Season One, Episode Two — “46 Long”

© Copyright 2016, Home Box Office. All Rights Reserved.

© Copyright 2016, Home Box Office. All Rights Reserved.

By Brandy Dykhuizen. In a rare pre-credits scene, almost a play within a play, we see Tony and his wise guys counting money around a table in the back of the Bada Bing. The conversation is scattered and ridiculous: while they all keep one eye fixed on the TV, where a Mafioso-turned-rat is in the middle of an interview preaching about the end of the Golden Age of the mob, they do all they can to talk about anything else. There will always be organized crime, the stoolie admits, but increased drug running and a myriad other modern factors have pushed out the old regime, whittling the mafia down into a mere shadow of itself. Pussy, the realist, is tucked into the paper, marveling over cloning; Chrissy, the utter n00b, misunderstands what the big boys are on about, as per usual; Silvio is theatrically quoting The Godfather III, receiving high-fives from Tony for his performance. It’s true: the sun is setting over an empire, and this episode focuses on the changing of the guard.

Tony isn’t just struggling with the ranks within work, although his hands are fairly full between Uncle Jun and Chris. The biggest thorn in his side, once again, is his change-resistant mother, who refuses to move to a nursing home and also refuses to accept any sort of help. Yet Livia sets her kitchen on fire and runs over her best friend. After much drama and a little bullying from Tony, Ma ends up in a retirement community after all, leaving Tony to struggle with the reality of packing up the family home and tucking away all those nice little relics of the past before they overwhelm him and he passes out again.

But time marches on, and the generations struggle to define themselves. They each have something to prove, these generations; they’re all shouting to be heard by the one that precedes them, but never has the gap been larger between those that stand today and those whose time has gone. David Chase uses this age-gap disparity to comment on the state of our country as a whole, calling a little bit of nostalgic bullshit on the “Greatest Generation” while casting a skeptical side-eye at Gen X along the way. The family and the business need to get their shit together and put some effort into understanding each other. All Tony can do is prepare himself to shoulder these burdens for the sake of everyone involved.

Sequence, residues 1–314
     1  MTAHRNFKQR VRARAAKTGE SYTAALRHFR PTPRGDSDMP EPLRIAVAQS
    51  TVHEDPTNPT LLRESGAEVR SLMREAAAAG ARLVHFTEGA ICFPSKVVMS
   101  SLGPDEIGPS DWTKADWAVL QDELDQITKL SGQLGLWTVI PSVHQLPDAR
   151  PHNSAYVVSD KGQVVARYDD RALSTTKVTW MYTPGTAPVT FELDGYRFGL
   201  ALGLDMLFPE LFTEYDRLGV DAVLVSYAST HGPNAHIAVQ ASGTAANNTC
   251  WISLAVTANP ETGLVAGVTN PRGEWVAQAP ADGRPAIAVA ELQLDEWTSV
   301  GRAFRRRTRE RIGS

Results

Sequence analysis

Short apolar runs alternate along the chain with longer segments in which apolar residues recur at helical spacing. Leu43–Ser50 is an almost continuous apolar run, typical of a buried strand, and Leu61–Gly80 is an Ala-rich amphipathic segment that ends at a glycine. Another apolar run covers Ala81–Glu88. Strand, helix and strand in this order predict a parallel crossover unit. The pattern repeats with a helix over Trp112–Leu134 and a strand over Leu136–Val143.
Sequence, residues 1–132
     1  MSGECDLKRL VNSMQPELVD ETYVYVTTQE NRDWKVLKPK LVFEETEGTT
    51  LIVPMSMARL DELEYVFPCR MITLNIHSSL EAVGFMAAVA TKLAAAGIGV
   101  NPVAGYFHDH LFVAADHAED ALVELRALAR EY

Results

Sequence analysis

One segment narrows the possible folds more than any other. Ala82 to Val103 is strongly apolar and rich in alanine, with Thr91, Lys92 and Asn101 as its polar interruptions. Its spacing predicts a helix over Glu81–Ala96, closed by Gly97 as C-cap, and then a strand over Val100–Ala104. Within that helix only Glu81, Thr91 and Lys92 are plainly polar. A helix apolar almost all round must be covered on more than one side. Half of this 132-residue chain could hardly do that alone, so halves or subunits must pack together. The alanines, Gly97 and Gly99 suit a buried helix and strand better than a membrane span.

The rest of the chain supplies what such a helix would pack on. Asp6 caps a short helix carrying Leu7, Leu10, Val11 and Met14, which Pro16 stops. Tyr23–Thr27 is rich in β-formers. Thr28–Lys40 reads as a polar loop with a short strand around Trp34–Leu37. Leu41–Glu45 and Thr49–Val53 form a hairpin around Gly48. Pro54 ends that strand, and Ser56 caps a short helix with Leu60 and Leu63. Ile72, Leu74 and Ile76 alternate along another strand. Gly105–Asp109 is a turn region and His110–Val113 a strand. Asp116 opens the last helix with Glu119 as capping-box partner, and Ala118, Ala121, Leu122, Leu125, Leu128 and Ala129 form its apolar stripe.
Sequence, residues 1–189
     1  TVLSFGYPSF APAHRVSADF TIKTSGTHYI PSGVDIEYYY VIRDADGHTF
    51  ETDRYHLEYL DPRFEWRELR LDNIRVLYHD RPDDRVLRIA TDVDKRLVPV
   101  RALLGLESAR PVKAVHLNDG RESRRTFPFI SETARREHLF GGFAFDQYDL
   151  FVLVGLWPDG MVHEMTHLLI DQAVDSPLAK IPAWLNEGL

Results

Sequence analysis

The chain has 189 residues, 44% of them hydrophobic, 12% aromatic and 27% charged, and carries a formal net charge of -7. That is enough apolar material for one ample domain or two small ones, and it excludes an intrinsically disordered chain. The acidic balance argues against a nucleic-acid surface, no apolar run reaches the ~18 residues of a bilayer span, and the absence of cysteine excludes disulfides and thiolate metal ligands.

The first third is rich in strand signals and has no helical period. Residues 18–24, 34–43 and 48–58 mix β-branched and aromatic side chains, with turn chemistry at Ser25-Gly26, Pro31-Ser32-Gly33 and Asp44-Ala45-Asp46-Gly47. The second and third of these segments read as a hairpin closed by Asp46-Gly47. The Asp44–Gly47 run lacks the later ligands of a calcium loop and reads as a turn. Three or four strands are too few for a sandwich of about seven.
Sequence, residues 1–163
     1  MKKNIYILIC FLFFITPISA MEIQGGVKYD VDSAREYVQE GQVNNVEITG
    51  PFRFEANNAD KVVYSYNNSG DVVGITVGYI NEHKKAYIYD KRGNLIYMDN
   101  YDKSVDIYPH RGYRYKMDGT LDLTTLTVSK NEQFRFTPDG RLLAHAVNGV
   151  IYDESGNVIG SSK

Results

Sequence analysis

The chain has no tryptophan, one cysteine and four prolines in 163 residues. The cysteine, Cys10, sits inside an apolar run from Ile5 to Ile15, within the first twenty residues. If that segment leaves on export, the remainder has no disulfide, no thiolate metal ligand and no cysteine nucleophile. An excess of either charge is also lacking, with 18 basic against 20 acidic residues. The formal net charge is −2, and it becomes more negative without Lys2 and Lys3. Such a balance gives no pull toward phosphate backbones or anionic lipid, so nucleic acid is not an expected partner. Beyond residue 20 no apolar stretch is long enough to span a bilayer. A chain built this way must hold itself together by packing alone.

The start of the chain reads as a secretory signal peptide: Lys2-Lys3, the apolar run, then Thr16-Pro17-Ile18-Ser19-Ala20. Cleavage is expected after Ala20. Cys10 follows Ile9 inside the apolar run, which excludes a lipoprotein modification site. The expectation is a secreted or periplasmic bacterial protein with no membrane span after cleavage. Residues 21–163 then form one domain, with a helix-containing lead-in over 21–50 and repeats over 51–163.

WHAT WORKED: We venture even further into the strong-arm, beat-em-up wise guy action. Dumb-dumbs (i.e. Brenden) are getting thrown across meat lockers for speaking out of turn, and bullshitters (i.e. Arnez) are eating silencers for questioning Pussy’s and Paulie’s protocol. It won’t be long now before the action is revved up and Chase finds his balance between the cerebral and the unmistakably tangible.

WHAT DIDN’T: Pussy’s and Paulie’s prowl across town to find the guys that jacked Mr. Miller’s Saturn provides ample opportunity to establish their personalities and for them to toss some witty banter back and forth. But there’s very little to make it interesting beyond the congenial nature of criminality — and the sheer irony that a guy named Big Pussy would push around a homosexual couple and not blink once.


Chrissy: “Like you were ever in Paris, Paulie.” Paulie: “I went over for a blow job.

Dr. Melfi: “What are some of the loving, warm experiences you remember involving your mother?” Tony: “One time we were down at the shore, and my father fell down the stairs. We were all laughing. My mother was laughing.” Dr. Melfi: “…any other good experiences?

Tony: “What are you saying? That unconsciously she was trying to whack her best friend?” Dr. Melfi: “It’s interesting that you would even take that from what I said.”

Not only does he shit on our heads, but we’re supposed to say ‘thanks for the hat.’” – Brenden.

Chrissy: (to Scorsese) “‘Kundun’! I liked it!

BEST MOMENT: When Paulie stuffs the drip coffee maker into his jacket because he’s mad as a hornet about these American chumps stealing Italian culture (never mind that coffee didn’t reach the boot on its own). Or basically any part in which Paulie speaks – we got our first gleeful “Did you hear what I said?” out of Paulie in this episode. Enter my favorite long-running Sopranos gag.

EPISODE’S MVP: Chrissy finally shows some maturity after his series of temper tantrums regarding not yet being a made man. He wisely chooses to sit out jacking the truck full of Italian suits, because “what’s the use of being a gangster if you’re not on a team?” Probably the smartest thing he has done so far, however it’s still not quite enough in Tony’s eyes. Chris made the right choice but he missed out on a big opportunity to be a true leader and keep Brenden from doing anything stupid, which ended up costing the life of the driver. Regardless, as slow as it may be, Chris is the only character exhibiting growth and transformation thus far (yeah, I realize it’s just the second episode).

© Copyright 2016, Home Box Office. All Rights Reserved.

© Copyright 2016, Home Box Office. All Rights Reserved.


– Paulie’s angst over what Pussy calls “the rape of the culture” is palpable. It’s not just anger at seeing Italian food and coffee everywhere, it’s pride, and you can bet he won’t just sit idly by and not be a part of something so lucrative that he feels is his birthright. God love ya, Paulie.

– Chrissy’s track suits are amazing, even by 1999’s golden standard.

– No, that wasn’t actually Martin Scorsese at the club. (In fact, he reportedly hated The Sopranos.)

– Jukebox Hero: “This Time” by Richard Blandon & The Dubs, “Bop Hop”, by Brooklyn Funk Essentials.

7 out of 10

Next: “Denial, Anger, Acceptance”, soon.

Before: “The Sopranos”, here.